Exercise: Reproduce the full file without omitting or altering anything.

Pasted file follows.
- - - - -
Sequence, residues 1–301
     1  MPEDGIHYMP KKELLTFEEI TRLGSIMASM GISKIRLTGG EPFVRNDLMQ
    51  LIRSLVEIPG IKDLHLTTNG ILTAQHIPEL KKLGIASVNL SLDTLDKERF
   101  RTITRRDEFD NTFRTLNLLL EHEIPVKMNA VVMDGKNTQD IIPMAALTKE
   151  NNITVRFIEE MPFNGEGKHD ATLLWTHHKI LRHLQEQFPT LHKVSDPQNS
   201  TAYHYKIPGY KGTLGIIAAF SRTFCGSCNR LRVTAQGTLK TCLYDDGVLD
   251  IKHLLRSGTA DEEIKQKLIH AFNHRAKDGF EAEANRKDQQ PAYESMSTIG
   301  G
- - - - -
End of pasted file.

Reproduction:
Sequence, residues 1–301
     1  MPEDGIHYMP KKELLTFEEI TRLGSIMASM GISKIRLTGG EPFVRNDLMQ
    51  LIRSLVEIPG IKDLHLTTNG ILTAQHIPEL KKLGIASVNL SLDTLDKERF
   101  RTITRRDEFD NTFRTLNLLL EHEIPVKMNA VVMDGKNTQD IIPMAALTKE
   151  NNITVRFIEE MPFNGEGKHD ATLLWTHHKI LRHLQEQFPT LHKVSDPQNS
   201  TAYHYKIPGY KGTLGIIAAF SRTFCGSCNR LRVTAQGTLK TCLYDDGVLD
   251  IKHLLRSGTA DEEIKQKLIH AFNHRAKDGF EAEANRKDQQ PAYESMSTIG
   301  G